Saturday, November 13, 2010

Running? It's Not About Age

Whenever I see articles like this one, about elderly people (even older than me) still running and doing all sorts of athletic stuff, I have to catch myself from feeling guilty. 

How can these people run better than I did decades ago?  Is something wrong with me?  I don't run.  I was never good at running.  I walk.  I play (exercise) in the pool when it's open.  I used to dance, but now I have to "guard" my knees.

Running just isn't me.  I tried, really.

In my mid-30's when my youngest was in infant I joined some friends for a jog every night.  They jogged; I ran, and they were still faster than me.  They made it look effortless.  I struggled and I suffered.  I had never before in my life experienced so much pain, back pain, knee pain, but I persevered. 

For over four years, religiously I ran six days/nights every week.  I didn't run on Shabbat, but after Shabbat and after breaking fasts on some water and fruit, I'd be out there pounding that pavement.  I finally stopped when I visited my parents in New York and didn't have any place to run.  The running/jogging didn't suit the visit.  I was there with my two young sons.  I couldn't just disappear.  When I got back home to Shiloh, Israel, I just never resumed running.  It was a relief.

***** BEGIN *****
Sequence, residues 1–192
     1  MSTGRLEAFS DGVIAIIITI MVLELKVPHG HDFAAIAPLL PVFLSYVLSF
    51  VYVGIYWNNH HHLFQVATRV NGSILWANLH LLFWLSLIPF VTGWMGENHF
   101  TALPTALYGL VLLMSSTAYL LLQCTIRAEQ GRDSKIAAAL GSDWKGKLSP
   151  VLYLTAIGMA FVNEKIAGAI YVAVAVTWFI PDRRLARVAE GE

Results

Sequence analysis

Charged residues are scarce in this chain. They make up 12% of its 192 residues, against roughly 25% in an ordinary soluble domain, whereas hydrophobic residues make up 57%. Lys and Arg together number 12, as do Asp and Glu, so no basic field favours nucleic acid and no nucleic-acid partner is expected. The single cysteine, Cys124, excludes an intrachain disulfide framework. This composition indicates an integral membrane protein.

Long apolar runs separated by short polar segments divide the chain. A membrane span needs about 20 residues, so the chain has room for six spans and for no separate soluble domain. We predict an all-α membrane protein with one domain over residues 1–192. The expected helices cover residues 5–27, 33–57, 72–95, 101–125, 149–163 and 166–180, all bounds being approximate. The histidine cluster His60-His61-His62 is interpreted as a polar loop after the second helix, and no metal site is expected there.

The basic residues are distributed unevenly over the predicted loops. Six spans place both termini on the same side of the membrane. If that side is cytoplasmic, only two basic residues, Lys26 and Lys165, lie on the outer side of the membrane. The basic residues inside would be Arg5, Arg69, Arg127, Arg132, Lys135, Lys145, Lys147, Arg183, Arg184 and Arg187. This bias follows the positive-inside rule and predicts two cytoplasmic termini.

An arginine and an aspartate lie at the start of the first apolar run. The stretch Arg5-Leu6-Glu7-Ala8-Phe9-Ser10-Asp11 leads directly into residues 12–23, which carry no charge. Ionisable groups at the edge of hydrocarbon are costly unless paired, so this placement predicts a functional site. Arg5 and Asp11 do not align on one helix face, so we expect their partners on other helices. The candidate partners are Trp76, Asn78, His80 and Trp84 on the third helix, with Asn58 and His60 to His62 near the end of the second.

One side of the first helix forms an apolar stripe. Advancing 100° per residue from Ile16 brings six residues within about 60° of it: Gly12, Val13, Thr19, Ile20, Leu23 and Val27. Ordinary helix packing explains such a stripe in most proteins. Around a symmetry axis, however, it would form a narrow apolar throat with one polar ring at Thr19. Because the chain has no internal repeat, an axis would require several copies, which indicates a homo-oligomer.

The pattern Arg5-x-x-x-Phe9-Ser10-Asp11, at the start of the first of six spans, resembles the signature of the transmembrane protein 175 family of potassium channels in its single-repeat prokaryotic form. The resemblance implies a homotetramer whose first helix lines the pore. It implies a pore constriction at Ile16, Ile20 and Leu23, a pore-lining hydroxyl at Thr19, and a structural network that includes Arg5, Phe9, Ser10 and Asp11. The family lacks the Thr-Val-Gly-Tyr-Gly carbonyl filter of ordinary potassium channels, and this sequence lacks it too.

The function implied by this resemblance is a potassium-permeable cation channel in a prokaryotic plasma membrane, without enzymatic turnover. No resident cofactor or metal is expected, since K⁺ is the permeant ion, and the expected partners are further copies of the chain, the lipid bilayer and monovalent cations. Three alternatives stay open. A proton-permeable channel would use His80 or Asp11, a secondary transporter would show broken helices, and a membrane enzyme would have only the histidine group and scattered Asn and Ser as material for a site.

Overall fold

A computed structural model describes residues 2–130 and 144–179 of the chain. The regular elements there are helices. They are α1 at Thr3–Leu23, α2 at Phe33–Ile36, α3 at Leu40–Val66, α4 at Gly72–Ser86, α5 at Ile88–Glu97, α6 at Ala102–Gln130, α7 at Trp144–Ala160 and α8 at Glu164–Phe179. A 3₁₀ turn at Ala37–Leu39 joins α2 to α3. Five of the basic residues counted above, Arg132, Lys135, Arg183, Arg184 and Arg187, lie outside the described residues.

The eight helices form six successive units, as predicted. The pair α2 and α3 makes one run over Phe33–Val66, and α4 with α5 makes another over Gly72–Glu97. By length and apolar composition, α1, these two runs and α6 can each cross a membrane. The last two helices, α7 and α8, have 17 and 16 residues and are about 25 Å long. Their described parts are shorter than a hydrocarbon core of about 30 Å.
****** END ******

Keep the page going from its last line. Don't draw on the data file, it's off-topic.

I understand that running/jogging is easy for some people; they don't suffer constant pain or injury.  I'm not telling them to stop, but we're all different.  I'm no lazy, wimpy couch potato; I'm just "allergic" to running.  Just like I could never have a "model's figure," no matter how much weight I lose,  I'll never run a marathon.

Do you want to meet me for a walk around the neighborhood?


Anonymous said...

I don't like jogging either. And yet running seems so easy and simple to take up that I do feel guilty regularly too.

Batya said...

When some people run, it does seem easy, but it wasn't easy for me.